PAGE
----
Console is an electronic music project founded by Martin Gretschmann, the former lead programmer for the German band Notwist. The band incorporates elements of electronic music, reminiscent of some electro bands, such as Ladytron and Miss Kittin. Official Site Allmusic.com entry
Different Cars and Trains
Different Cars and Trains is a 2003 EP from German electronica band The Notwist. "Neon Golden" - 4:46 "Pilot" - 4:55 "Red Room" - 6:11 "This Room" - 8:06 "Different Cars and Trains" - 5:50 Markus Acher - guitar, vocals Michael Acher - bass Martin Gretschmann - programming Martin Messerschmidt - drums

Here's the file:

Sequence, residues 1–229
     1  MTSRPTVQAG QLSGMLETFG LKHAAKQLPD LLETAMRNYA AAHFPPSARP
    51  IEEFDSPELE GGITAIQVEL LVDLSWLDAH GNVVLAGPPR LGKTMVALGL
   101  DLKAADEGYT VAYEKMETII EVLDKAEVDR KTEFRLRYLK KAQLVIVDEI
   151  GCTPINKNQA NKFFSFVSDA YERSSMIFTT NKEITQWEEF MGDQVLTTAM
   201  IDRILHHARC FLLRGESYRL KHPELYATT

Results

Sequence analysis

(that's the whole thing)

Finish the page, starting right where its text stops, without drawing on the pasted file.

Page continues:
Neon Golden is the fifth studio album by German indie rock band The Notwist released through City Slang in 2002. It peaked at number 47 on the UK Independent Albums Chart. At Metacritic, which assigns a weighted average score out of 100 to reviews from mainstream critics, Neon Golden received an average score of 89% based on 20 reviews, indicating "universal acclaim". Pitchfork placed Neon Golden at number 131 on their list of top 200 albums of the 2000s. Credits adapted from liner notes; the Notwist Markus Acher Micha Acher Martin Messerschmid Martin GretschmannAdditional musicians Ullrich Wangenheim – bass clarinet, alto saxophone, tenor saxophone Johannes Enders – tenor saxophone Roberto Di Gioia – piano, keyboards Saam – zarb, canjira Bibul F. Darouiche – conga Robert Klinger – double bass Sebastian Hess – celloTechnical personnel Galore – production Mario Thaler – recording, mixing O. L. A. F. Opal – recording, mixing Chris Blair – mastering Andreas Gerth – artwork Phillip Arnold – artwork Neon Golden at Discogs